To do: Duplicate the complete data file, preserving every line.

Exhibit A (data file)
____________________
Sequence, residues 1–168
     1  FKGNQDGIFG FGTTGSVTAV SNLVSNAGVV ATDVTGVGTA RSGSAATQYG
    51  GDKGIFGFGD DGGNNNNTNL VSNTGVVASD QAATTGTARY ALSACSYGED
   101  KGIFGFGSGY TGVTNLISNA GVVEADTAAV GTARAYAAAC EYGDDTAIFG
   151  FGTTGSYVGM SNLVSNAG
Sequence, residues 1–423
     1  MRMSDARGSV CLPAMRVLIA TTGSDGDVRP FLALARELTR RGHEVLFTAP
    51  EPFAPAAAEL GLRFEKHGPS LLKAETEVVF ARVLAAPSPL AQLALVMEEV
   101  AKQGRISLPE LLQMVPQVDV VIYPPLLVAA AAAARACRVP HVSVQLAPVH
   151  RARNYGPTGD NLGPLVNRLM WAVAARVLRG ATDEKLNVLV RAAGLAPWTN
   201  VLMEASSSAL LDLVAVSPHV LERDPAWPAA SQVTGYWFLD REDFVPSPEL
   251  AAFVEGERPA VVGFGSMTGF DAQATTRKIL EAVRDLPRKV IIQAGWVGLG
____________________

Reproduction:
Sequence, residues 1–168
     1  FKGNQDGIFG FGTTGSVTAV SNLVSNAGVV ATDVTGVGTA RSGSAATQYG
    51  GDKGIFGFGD DGGNNNNTNL VSNTGVVASD QAATTGTARY ALSACSYGED
   101  KGIFGFGSGY TGVTNLISNA GVVEADTAAV GTARAYAAAC EYGDDTAIFG
   151  FGTTGSYVGM SNLVSNAG
Sequence, residues 1–423
     1  MRMSDARGSV CLPAMRVLIA TTGSDGDVRP FLALARELTR RGHEVLFTAP
    51  EPFAPAAAEL GLRFEKHGPS LLKAETEVVF ARVLAAPSPL AQLALVMEEV
   101  AKQGRISLPE LLQMVPQVDV VIYPPLLVAA AAAARACRVP HVSVQLAPVH
   151  RARNYGPTGD NLGPLVNRLM WAVAARVLRG ATDEKLNVLV RAAGLAPWTN
   201  VLMEASSSAL LDLVAVSPHV LERDPAWPAA SQVTGYWFLD REDFVPSPEL
   251  AAFVEGERPA VVGFGSMTGF DAQATTRKIL EAVRDLPRKV IIQAGWVGLG